“Come here often?” That was the sign on my mom’s refrigerator when she began changing her eating habits following a diagnosis of Type 2 diabetes. A tiny woman, she died several years ago at the age of 86, but that phrase on her fridge has stuck with me ever since.
I used to complain a lot about being in the kitchen, and usually found myself in full martyr mode. “Nobody else is cooking or cleaning up after themselves! I ‘m having to do it all! …blah, blah, blah.”
Then at a conference we did some muscle testing games about deeply held beliefs. I chose my resentment about being in the kitchen as an example of my clearly held negative belief. Much to my surprise, however, my body’s nonverbal response through muscle testing seemed to indicate that I actually liked the kitchen! So I decided to pursue that mental trail a bit farther….
Then it hit me. Precisely because nobody else dared go in there, the kitchen had actually become my refuge over time, my one private place in the house where my thoughts could flow uninterrupted by regular household goings on and regular thoughts.
Furthermore, at the time this was happening, the kitchen sink in our home in Santa Fe offered an unobstructed view of wild cottontail rabbits and jackrabbits, and birds playing and jousting in the high desert grasses, just outside the window.
My “chores” had given me unbridled access to my intuition, and to the beauty of life around me. I loved looking out that window, while I complained vociferously about having to do the dishes – again!
So many thoughts came to me during those times, about the nature of communication among animals, and between animals and humans. I reveled at how those rabbits managed to play all around that prickly cactus without getting clobbered the way I did when I got too close to one of those painful needles. I talked to them in my mind, and felt them respond to me, sitting still and staring directly into the kitchen window exactly where I stood for long periods of time.
I developed a relationship with these rabbits, and even began leaving them food and water, until I realized that I was developing a dependency I could not promise to fulfill when we inevitably moved away. So I stopped intervening and just enjoyed the show. That little lesson taught me a lot about my human codependency as well, but that is another story.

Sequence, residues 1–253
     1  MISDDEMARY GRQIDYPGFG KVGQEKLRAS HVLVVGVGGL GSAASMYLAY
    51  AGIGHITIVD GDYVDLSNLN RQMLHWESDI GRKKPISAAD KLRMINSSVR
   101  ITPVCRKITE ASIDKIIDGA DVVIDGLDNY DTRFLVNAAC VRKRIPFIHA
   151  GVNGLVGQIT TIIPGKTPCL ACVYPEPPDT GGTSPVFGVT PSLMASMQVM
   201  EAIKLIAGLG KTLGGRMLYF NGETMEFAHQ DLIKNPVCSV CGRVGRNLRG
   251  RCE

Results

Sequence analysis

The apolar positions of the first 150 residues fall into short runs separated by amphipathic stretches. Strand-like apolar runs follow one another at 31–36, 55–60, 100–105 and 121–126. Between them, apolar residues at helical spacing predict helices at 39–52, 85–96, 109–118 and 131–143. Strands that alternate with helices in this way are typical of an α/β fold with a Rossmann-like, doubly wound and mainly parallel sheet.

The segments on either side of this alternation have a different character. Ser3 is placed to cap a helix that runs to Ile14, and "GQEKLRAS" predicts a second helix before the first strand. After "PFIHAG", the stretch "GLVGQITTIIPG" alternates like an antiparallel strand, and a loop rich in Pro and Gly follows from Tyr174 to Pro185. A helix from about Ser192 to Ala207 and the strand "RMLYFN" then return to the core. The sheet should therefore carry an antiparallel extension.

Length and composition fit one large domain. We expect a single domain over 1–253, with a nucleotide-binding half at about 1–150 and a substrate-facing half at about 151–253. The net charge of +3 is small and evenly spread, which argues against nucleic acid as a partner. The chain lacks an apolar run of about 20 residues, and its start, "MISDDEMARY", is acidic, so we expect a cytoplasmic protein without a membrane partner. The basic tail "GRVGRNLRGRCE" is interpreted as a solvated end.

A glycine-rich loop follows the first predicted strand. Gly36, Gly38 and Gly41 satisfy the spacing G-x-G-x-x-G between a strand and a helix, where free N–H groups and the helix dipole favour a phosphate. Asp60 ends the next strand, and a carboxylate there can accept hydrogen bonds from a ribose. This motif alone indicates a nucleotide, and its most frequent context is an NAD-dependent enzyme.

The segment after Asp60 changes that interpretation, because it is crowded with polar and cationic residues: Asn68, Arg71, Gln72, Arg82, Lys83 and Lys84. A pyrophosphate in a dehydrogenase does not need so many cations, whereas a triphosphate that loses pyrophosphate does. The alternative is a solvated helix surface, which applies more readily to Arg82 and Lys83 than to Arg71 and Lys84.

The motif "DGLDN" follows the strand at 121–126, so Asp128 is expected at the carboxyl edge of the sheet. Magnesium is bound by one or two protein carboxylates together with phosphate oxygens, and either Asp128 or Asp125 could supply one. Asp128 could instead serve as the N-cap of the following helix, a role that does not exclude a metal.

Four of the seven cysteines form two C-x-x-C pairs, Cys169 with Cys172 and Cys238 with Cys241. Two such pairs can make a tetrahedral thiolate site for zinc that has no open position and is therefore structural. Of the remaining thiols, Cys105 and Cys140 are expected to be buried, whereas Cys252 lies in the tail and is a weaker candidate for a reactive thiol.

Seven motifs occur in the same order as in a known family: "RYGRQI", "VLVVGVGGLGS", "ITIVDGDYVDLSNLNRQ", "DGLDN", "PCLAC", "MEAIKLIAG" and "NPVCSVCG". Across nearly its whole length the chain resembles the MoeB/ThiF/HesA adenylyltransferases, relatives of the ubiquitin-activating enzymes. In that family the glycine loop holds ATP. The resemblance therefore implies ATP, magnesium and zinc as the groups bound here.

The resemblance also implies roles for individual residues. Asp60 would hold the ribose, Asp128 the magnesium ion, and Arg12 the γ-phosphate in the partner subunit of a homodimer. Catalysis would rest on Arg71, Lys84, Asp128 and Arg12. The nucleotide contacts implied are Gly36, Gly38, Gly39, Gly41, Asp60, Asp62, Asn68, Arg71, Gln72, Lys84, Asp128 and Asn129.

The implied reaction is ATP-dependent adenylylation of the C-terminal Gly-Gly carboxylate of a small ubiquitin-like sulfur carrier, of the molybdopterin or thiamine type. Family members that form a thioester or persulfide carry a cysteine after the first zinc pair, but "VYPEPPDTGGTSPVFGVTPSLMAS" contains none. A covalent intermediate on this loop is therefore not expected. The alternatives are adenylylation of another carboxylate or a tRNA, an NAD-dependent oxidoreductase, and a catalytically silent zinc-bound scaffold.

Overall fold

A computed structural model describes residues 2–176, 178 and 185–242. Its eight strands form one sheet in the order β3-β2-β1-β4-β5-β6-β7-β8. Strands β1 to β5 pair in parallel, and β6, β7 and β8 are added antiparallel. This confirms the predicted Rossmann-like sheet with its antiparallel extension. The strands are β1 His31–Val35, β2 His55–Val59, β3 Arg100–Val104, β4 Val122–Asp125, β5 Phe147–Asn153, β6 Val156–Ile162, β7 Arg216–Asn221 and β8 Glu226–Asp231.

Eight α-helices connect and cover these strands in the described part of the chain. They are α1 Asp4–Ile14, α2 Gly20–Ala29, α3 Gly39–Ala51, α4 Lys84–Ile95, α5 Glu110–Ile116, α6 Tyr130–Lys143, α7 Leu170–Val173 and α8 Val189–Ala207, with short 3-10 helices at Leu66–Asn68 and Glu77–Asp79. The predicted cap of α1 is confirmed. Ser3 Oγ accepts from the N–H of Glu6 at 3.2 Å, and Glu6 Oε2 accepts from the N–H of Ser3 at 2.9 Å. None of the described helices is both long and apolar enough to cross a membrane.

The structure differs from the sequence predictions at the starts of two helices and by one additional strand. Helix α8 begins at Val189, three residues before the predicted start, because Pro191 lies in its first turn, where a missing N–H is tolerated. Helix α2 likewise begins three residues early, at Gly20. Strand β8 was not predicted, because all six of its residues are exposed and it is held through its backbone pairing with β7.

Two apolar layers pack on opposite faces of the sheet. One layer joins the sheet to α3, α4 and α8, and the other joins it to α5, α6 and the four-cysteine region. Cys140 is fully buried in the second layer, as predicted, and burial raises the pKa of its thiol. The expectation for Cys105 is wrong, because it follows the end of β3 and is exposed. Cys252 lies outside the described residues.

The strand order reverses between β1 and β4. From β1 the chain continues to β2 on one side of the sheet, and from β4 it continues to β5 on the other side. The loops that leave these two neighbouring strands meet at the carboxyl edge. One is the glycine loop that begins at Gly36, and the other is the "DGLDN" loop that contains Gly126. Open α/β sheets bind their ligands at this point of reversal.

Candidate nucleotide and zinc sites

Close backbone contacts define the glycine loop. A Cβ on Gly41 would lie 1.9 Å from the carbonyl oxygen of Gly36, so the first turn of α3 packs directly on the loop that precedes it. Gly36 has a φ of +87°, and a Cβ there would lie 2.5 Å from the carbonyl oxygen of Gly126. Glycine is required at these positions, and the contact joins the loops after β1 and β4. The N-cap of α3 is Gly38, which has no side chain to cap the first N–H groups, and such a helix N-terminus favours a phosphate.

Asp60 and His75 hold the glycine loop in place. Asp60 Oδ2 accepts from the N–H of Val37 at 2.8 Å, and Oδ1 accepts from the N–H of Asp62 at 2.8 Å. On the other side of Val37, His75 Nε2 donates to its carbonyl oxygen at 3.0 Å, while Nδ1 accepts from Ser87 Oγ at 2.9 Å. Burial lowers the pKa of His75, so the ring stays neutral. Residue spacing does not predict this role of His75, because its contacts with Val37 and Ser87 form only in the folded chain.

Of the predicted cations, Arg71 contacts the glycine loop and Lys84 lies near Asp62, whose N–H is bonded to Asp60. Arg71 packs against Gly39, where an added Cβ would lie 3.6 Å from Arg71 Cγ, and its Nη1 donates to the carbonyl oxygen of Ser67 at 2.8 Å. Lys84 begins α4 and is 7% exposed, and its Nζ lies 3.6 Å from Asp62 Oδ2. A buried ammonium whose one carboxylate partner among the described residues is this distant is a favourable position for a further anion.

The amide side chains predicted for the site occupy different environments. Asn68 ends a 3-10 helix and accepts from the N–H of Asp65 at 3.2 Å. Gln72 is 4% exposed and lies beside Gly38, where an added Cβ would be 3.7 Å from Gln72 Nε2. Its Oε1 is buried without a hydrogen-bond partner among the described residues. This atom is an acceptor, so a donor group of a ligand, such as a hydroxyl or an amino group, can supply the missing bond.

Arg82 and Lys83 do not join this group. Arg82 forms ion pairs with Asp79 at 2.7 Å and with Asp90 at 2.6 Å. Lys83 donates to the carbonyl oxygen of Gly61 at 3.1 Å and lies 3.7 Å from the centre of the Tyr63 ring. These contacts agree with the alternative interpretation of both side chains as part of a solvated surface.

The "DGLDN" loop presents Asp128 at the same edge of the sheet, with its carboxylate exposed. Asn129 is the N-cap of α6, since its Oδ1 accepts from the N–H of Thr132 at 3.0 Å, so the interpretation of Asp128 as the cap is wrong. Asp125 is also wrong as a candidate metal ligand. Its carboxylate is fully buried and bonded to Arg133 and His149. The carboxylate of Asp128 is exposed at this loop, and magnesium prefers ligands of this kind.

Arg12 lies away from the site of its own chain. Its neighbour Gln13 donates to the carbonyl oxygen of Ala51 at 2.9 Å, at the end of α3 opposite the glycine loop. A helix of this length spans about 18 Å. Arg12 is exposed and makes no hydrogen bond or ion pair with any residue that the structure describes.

Thus standing over that kitchen sink became and remains a haven for me to this day. I finally stopped complaining, and now use that time in a different house with no dependents to play with intuitive thoughts while I watch the progression of the sun and moon across the sky, or the neighbor’s garden change with the seasons. It is the single most consistent spot where I get information about people in my life, precognitive phone calls and contacts, and ideas to pursue intellectually or metaphysically. It is certainly more than musing about what to put in my stomach, my fridge, or on my shopping list!
The kitchen is a terrific intuition hot spot, and like the bedroom and bathroom, I actually do “come here often.” What about you?
Here are a just few intuitive games you can play in the kitchen:
- Without looking at the package directions, guess how long your food should take to cook in the microwave and try it. You can read the package after you pick a number, just to see if you are in the ball park. As you continue to practice, watch how much better you get at estimating the perfect cooking time.
- Ask your body what it feels like eating, take the very first thought that comes to mind, and eat that.
- As you eat your breakfast or prepare your lunch, ask yourself the question, “What is the one thing I need to know today?” If you think you will forget later, write that one thing down on your calendar or a notepad.
- As you prepare food for your children or your pets, look at them for a moment and ask the question, “How are they feeling? Is there anything they need, or need me to pay attention to on their behalf?”
Now that I understand the important role of the fridge and the entire kitchen in my intuitive flights of fancy, I can come here often without having to eat everything in sight when I do! Maybe I can translate that deeper yearning into an idea that sticks, rather than into a pound of flesh that sticks instead.
Hmmm, maybe I’ll go into the kitchen now and test out my new idea…or maybe I’ll have another piece of toast! Oops, scratch that. Maybe now that I’m thinking differently about eating, I’ll have another bite of, uh, kale! YUMM!!!